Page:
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Some Comments on Destined to Reign by Joseph Prince and Righteousness and Holiness, Part 7
by Karl Kemp
9/19/2011 / Bible Studies
Here in Part 7, which is the last part, we will continue what I was saying in Part 6.
The dominant reason that so many Christians do not have faith to walk in holiness with the victory over sin is that it isn't being taught very much, or on a consistent basis. The majority of Christians in our day, including a large number of ministers, don't know (for one reason or another) that the New Testament makes it clear that God has called, enabled, and required us to walk by His Spirit on a continuous basis with the victory over all sin. One of the primary problems is that so many put all, or most, of the emphasis on positional righteousness. And rather than being taught and encouraged that we can have faith for holiness and victory over sin, we are often told that the New Testament teaches that we cannot have the victory over sin during this age. That is a gigantic error! I deal with this topic quite a bit in my book and other writings. For one thing, I deal with the three passages most often used to try to prove that Christians cannot have the victory over sin in this life in my book (starting on page 194). The three passages are Rom. 7:14-25; 1 John 1:8; and Gal. 5:17. I don't believe any of these passages teach that we cannot walk with the total victory over sin. This is very good news! I also have a paper dealing with the interpretation of Romans chapter 7. An abbreviated version of the paper is on my internet site. You could get a copy of the original version of the paper by contacting me.
I'll briefly comment on Rom. 7:14-25 here. It would be difficult to overstate how much damage has been done to the cause of righteousness, holiness, and the victory over sin through a serious misunderstanding of this passage. This is the passage where the apostle Paul said, "For we know that the law is spiritual, but I am of flesh, sold [having been sold] into bondage to sin. (15) For what I am doing, I do not understand; for I am not practicing what I would like to do, but I am doing the very thing I hate [namely sin] ... (19) For the good that I want, I do not do, but I practice the very evil that I do not want." About half the Christians in our day interpret the apostle Paul to be speaking of himself as a Christian here, and if he was in such bondage to sin, the rest of us Christians certainly cannot expect (cannot have faith) to walk with the victory over sin.
For one thing, that erroneous viewpoint glaringly contradicts what the apostle Paul just taught throughout Romans chapter 6 and the first part of chapter 7 and what will go on to say in Romans chapter 8. When Paul spoke of "having been sold into bondage to sin," he was speaking, as Romans chapter 5 shows, of what happened to mankind with the fall of Adam. However, the New Testament clearly and repeatedly shows that Christians have been redeemed out of that pitiful state through the Lord Jesus, "the last Adam" (1 Cor. 15:45). The apostle could not say as a Christian that "I am of flesh, sold [having been sold] into bondage to sin" without contradicting what he (and the other writers of the New Testament) so often said elsewhere, including Romans chapter 6 and the first part of chapter 7 and what he will go onto say in Romans chapter 8.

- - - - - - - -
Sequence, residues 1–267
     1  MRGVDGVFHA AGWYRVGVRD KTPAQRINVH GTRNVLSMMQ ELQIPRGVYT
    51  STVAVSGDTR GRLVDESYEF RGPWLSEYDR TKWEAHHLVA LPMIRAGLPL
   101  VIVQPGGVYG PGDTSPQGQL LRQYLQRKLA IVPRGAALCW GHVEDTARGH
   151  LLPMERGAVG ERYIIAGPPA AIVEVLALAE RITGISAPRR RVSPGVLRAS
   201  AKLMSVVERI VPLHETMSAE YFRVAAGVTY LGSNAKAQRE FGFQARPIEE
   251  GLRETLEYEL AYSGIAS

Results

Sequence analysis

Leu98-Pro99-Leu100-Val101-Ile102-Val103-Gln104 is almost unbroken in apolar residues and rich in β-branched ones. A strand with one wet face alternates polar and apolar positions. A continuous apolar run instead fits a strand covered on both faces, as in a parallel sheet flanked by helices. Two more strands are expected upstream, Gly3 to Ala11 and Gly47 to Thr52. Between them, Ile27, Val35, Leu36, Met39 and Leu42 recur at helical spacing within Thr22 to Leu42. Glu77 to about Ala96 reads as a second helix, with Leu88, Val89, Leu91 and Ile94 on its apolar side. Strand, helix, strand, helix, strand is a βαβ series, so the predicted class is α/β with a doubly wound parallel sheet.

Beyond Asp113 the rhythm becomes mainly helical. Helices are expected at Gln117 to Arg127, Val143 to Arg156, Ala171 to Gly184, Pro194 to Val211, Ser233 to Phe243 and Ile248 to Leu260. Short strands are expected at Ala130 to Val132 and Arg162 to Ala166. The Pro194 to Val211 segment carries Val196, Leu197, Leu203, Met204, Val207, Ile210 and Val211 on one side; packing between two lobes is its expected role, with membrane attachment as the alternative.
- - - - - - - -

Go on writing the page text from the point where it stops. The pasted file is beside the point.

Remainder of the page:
Paul was not speaking of himself as a Christian here. He was speaking for fallen mankind, especially that part of mankind that was under the Mosaic Law. While you are considering that idea, you should know that very few early Christian writers understood the apostle Paul to be speaking about himself in this passage before about AD 400; and the few writers who understood him to be speaking of himself as a Christian did not think he was saying that he was sinning. I'll comment on this important point as we continue.
The primary thing that Paul was demonstrating in Rom. 7:5-25 was that the Mosaic Law (the old covenant) was powerless to solve the spiritual death, bondage to sin problem. He showed, in fact, that the Law intensified the sin problem. As many scholars have pointed out, Paul was expanding here on what he said in Rom. 6:14, "For sin shall not have dominion over you [you who are saved in Christ Jesus], for you are not under law but under grace [the sufficient saving, sanctifying grace of God in Christ]." One of the primary things the apostle was doing in Romans chapter 7 was showing that the people of Israel needed new-covenant salvation. And the Gentiles needed to know that the Mosaic Law could not save them; they too needed new-covenant salvation. God only has one answer for the sin problem. He had that glorious plan before He created the world (1 Pet. 1:20).